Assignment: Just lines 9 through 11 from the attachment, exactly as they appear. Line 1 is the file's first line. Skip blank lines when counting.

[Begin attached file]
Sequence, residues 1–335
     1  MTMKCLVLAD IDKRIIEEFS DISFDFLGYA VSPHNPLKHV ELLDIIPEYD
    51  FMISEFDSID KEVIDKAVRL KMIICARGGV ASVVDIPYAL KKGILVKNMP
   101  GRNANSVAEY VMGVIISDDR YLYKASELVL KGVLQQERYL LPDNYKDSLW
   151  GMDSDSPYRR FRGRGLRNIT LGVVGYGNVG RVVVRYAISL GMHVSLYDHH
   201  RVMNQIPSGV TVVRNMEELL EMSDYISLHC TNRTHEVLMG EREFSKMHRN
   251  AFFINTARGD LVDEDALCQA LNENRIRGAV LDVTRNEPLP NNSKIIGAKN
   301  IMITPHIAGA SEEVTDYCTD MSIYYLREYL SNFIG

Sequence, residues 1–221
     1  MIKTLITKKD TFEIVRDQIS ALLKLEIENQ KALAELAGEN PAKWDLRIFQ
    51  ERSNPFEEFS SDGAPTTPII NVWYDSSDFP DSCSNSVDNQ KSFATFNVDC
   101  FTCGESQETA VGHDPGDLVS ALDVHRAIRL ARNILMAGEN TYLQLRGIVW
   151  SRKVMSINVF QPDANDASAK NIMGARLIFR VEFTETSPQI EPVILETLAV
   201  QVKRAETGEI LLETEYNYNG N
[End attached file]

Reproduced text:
Sequence, residues 1–221
     1  MIKTLITKKD TFEIVRDQIS ALLKLEIENQ KALAELAGEN PAKWDLRIFQ
    51  ERSNPFEEFS SDGAPTTPII NVWYDSSDFP DSCSNSVDNQ KSFATFNVDC